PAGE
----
Case 10: When what worked didn’t work

Marissa_Mayer _World_Economic_Forum_2013_IIIThis post is the 10th in my series looking at cases where it seems that “believing we are right” has led to bad outcomes, sometimes even spectacularly bad results, for leaders, teams and organizations.

For my upcoming book, Big Decisions: Why we make decisions that matter so poorly. How we can make them better, I have identified and categorized nearly 350 mental traps and errors that lead us into making bad decisions. The many high-profile situations that I have examined demonstrate the bad outcomes that can be produced by mental traps and errors. My premise is that, at the least, if we recognize and admit that we don’t know the answer, we will put more effort into looking for better decision options and limiting the risks stemming from failure when making important decisions.

In the case at hand, past success was not a guarantee or future results: Mental traps seemingly blinded our protagonist to differing circumstances.


Yahoo CEO and former Google executive Marissa Mayer believed that she could turn around Yahoo when many others before her could not.

Starting in 2012, as Yahoo’s seventh CEO in a little over five years, “Mayer put her resources in some of the wrong places, spent a lot of money, and didn’t have a lot to show for it,” according to analyst Jan Dawson as quoted by CNN Money. In a fire sale, in 2016 Verizon agreed to acquire Yahoo for $4.8 billion. This price was cut to $4.48 billion this year after Yahoo was hit by two massive security breaches involving a million users. When the transaction closed this past June, Mayer left the Board and management, albeit with a $23 million golden parachute. The Yahoo brand will continue to exist alongside AOL and Huffington Post as it it folded into digital media division of Verizon, now named Oath.

Whether turning around Yahoo was possible cannot be known. But what does seem evident is that mental traps made the task even more difficult for Mayer:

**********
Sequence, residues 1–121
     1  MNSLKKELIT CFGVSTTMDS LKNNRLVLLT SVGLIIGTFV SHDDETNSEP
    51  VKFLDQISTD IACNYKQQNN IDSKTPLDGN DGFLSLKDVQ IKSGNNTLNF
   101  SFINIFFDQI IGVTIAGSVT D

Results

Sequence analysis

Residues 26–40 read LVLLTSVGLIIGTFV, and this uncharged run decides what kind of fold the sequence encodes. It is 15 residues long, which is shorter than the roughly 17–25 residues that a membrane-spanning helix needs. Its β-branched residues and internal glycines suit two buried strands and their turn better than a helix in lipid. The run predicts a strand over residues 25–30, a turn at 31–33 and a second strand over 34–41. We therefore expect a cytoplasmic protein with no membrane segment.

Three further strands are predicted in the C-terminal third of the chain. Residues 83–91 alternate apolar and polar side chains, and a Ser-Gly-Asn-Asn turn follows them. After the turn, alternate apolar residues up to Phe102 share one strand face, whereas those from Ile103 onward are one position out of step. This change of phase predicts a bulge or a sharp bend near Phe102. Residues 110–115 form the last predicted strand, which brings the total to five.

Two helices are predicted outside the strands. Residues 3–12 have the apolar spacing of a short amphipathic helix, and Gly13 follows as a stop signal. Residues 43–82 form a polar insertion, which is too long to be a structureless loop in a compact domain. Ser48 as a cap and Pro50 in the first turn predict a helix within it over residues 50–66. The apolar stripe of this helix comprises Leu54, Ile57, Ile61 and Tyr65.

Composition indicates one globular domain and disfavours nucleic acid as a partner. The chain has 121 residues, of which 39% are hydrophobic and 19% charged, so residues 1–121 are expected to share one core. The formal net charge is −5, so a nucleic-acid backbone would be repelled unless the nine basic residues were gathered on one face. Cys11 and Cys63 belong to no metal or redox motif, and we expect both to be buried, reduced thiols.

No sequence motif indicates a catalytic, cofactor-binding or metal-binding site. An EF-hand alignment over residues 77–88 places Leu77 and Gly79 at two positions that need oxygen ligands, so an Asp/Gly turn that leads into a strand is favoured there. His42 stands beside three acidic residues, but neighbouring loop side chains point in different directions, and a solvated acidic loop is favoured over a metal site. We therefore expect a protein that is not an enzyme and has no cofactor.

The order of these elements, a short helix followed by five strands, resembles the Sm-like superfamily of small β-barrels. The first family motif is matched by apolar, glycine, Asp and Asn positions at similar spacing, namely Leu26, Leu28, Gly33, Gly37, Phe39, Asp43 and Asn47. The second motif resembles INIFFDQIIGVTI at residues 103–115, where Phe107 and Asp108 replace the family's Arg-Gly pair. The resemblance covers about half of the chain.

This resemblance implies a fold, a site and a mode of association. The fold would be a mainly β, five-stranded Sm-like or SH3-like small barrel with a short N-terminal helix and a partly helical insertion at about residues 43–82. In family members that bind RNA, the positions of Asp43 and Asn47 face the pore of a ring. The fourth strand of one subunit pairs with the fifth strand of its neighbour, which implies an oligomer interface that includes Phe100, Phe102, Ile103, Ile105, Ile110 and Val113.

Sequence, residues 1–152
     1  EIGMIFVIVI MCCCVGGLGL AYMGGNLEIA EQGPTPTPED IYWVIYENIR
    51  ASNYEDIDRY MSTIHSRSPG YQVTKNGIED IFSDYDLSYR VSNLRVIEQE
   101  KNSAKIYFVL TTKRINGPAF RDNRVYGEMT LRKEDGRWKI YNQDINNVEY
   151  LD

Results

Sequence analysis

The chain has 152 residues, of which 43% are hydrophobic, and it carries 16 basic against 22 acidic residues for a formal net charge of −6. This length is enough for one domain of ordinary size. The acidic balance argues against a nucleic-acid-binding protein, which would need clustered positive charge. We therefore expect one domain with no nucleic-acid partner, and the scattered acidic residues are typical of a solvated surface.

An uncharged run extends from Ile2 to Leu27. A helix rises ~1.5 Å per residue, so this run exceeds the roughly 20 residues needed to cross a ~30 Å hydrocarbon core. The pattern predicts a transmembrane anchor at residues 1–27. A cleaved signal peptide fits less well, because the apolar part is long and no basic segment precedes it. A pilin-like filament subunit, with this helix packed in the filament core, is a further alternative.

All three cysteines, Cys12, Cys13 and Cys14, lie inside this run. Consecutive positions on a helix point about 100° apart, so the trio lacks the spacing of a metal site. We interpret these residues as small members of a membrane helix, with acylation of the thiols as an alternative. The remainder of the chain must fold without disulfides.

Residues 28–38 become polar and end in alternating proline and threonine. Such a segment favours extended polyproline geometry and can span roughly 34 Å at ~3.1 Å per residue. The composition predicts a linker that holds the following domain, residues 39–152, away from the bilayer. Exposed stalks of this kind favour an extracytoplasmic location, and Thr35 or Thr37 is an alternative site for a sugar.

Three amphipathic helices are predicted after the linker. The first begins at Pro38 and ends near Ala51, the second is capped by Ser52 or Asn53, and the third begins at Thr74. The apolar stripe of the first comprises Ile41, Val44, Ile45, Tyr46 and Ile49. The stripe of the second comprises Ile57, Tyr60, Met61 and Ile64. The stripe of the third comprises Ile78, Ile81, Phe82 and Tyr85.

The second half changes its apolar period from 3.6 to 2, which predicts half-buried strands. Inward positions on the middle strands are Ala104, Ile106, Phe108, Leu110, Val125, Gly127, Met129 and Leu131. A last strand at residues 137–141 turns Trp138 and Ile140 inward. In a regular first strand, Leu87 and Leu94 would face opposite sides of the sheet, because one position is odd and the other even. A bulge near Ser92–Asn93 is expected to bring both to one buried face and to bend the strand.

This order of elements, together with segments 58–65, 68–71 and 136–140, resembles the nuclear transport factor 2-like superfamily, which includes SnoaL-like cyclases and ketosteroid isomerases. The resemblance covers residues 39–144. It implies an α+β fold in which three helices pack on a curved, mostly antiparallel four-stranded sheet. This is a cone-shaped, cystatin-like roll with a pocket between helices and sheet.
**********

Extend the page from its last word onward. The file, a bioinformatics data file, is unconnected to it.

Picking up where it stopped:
• Not surprisingly, Mayer applied the mentality and approach she had learned and used at Google to Yahoo, which was a very different organization in terms of mindset, focus and experience. Staying consistent with what worked at Google was a likely outcome of the Commitment Heuristic (the tendency to make decisions that are consistent with our prior beliefs, attitudes and actions, thus affirming their correctness).
  • One the first 25 employees at Google, Mayer ran the company’s flagship search division for many years. Then, according to the New York Times, “she lost a turf battle to a powerful engineer within Google and was quietly reassigned to oversee Google Maps and other so-called local products. Mayer tried to spin the move positively, but that became harder after Larry Page, one of the company’s founders, regained the role of C.E.O. and removed Mayer from the group of executives reporting to him.” Did Mayer see Google’s successes as more tied to her actions than they actually were and therefore take the Yahoo job to prove that Google erred in demoting her? Whether this was consciously her intent, the evidence suggests that Mayer was afflicted by Memory Bias (when recalled memories are altered so they differ from what actually happened and therefore bias predictions of future experiences based on these altered memories).
  • According to the Los Angeles Times, in May last year, Yahoo valued its investment stake in China’s Alibaba, a giant Google competitor, at $29.4 billion and its 35.5% stake in Yahoo Japan at $8.7 billion. Yahoo’s market capitalization that day was $34.7 billion. “In other words, the stock market valued everything other than those two holdings — that is, everything subject to Mayer’s management — at negative $3.4 billion.” Yet, later in the year when Mayer wrote to employees about Yahoo’s sale to Verizon, she “put lipstick on the pig” by using Reframing (changing how information is presented to elicit a different point of view). Rather than recognizing that the strategies that had been pursued under Mayer’s leadership had not turned around the company, her letter cited the company’s acquisition by Verizon as evidence of “the immense value we’ve created” and stated, “We set out to transform this company – and we’ve made incredible progress.”

Meyer’s story shows us just how extraordinarily difficult it is for us to “unlearn” what has made us successful when new circumstances demand a different approach. We are wired to stay on the path we know and adjust our perspective to keep us on that road, even when it leads us to a cliff edge. Yet, Meyer was in one sense exempted from having to jump off the cliff: Based on her personal financial gain, she succeeded wildly, leaving the now captive company with a fortune in hand.

I expect to publish my new book, Big Decisions: Why we make decisions that matter so poorly. How we can make them better, later this year. It will be an antidote for bad decision individual and organizational decision making. You can help me get it published and in the hands of decision makers whose decisions not only affect their lives but all of ours.

Learn more about Big Decisions: Why we make decisions that matter so poorly. How we can make them better and my special half-price pre-publication offer. Thank you!

Photo licensed under the Creative Commons Attribution-Share Alike 2.0 Generic license. Attribution: World Economic Forum, 2013.